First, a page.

The concept of trauma and its effects have been written about since the ancient Greeks. Today we call it Post-Traumatic Stress Disorder and it exists in many varied forms.

It can affect people directly involved and those indirectly. An interesting by-product of trauma is survivor guilt. The Oxford English Dictionary defines it as “a condition of persistent mental and emotional stress experienced by someone who has survived an incident in which others died”. So I feel somewhat disrespectful in how I am talking about it today. I mean no offence to anyone who has experienced survivor’s guilt, but as yet I’ve not found a better term to explain how I feel about my own personal survival of mental illness.

I was asked recently to describe where I was in my mental health journey. I would like to think I am at the end of it, but I’ve been living with it for over 30 years and am not naive enough to believe it has truly gone for good.

Some may use the word recovery, remission, return to function. It doesn’t really matter. My answer was that I feel like I did 22 years ago, when I was young. I had a career and was starting a family; before the Post Natal Depression and Post Traumatic Stress Disorder blindsided me. Twenty-two years. I feel great. My life has purpose. I have an emerging career, different from the nursing one I left behind. My children are in their young 20s, taking their first steps forward in adulthood and my mental health is awesome. So why do I feel guilty?

There are many “consumers” in my family and social life and many of them are still in that black pit of despair, that isolated hurricane of disjointed thinking, that ground-hog-day-existence of dismal mental health. And while part of me wants to celebrate my return, another part doesn’t.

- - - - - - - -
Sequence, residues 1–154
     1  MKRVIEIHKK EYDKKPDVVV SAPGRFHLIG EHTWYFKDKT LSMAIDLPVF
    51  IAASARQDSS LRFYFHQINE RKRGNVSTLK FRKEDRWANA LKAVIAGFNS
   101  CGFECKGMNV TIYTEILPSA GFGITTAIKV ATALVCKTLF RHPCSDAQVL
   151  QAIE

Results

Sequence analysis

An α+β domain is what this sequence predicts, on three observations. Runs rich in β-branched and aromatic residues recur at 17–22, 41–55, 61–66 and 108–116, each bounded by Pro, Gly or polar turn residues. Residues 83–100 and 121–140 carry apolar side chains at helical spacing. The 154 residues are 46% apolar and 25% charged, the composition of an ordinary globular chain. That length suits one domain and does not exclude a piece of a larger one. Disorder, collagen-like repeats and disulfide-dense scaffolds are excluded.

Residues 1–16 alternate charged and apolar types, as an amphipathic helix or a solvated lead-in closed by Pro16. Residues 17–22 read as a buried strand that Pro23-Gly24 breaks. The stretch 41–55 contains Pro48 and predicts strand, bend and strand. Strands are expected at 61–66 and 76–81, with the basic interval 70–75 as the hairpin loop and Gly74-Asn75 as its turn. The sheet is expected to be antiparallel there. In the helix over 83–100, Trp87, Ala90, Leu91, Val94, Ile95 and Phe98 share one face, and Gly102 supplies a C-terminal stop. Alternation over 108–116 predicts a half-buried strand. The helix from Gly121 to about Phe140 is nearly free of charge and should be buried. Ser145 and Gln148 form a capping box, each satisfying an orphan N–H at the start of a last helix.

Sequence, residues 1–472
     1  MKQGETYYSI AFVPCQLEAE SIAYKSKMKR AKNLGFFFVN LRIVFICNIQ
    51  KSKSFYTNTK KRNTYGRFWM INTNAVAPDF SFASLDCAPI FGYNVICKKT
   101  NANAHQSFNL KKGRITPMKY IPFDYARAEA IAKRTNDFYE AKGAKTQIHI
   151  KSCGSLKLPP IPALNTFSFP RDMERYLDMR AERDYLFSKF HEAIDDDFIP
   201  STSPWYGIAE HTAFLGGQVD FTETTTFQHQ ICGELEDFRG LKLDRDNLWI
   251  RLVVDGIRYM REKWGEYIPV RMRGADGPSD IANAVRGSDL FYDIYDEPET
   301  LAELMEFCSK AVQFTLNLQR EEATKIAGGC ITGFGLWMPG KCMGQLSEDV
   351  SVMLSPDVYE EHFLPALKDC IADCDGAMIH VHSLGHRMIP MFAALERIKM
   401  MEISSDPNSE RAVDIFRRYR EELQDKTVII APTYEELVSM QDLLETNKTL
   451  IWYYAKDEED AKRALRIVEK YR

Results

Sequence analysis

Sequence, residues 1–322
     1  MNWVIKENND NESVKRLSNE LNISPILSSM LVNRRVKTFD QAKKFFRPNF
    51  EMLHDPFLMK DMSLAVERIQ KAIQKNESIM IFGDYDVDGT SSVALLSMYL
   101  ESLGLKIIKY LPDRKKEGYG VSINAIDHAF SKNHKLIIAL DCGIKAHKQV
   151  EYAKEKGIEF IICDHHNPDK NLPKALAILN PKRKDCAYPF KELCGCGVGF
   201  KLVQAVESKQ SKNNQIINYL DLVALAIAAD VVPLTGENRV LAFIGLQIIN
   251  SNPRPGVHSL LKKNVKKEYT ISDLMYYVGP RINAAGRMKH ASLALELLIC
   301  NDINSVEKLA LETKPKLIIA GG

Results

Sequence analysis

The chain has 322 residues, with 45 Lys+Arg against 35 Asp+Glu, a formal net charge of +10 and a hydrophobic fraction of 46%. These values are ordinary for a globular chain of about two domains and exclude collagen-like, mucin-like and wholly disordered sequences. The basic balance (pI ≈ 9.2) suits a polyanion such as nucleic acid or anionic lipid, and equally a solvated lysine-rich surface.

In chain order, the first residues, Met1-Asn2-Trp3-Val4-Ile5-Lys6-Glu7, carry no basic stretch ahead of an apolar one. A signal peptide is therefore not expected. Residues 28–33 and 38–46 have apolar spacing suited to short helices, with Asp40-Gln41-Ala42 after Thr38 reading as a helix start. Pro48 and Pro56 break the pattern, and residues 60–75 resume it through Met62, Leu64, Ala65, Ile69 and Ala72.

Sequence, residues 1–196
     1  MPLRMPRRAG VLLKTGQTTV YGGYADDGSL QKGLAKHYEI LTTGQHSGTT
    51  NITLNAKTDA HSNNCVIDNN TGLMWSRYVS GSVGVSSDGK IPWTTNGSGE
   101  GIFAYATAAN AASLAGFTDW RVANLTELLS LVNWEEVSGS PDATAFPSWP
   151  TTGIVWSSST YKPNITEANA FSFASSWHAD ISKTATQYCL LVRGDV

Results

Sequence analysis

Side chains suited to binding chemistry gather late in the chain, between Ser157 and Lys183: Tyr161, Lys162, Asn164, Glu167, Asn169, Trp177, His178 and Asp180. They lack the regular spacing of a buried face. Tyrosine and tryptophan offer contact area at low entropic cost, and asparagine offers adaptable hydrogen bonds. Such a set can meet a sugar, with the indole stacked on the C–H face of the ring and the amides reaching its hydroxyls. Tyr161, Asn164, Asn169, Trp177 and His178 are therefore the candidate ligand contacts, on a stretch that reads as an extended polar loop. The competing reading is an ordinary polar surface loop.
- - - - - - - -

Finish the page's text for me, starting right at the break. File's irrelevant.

I feel guilty that I have it and they don’t. Talking about where I am now, sharing the “wins” I am experiencing is hard. I feel like to do so is to throw it in their faces, that life is so good for me right now. But they have all been a part of my journey at one stage or another and I know that they are happy for me.

So this is why I do talk about it. I blog and talk and advocate and activise. Because I remember when I was experiencing poor mental health. I remember hearing other survivors tell of their journeys of when they were in the black pit of despair, the isolated hurricane... well you know how it goes... and how they got themselves back. It gave me hope, a goal, even if that goal was just to get through to tomorrow.

Why does it feel like survivor’s guilt to me?  I guess it’s because I care and because I don’t want to see another human being go through what I went through.

Mental illness has taken the lives of people I loved and cared about, and almost took mine. But, thankfully, I survived and if that means feeling guilty at times, so be it. It’s worth it to have my life back and to be in a place where I can hopefully help others get theirs back too.

Fiona L Browning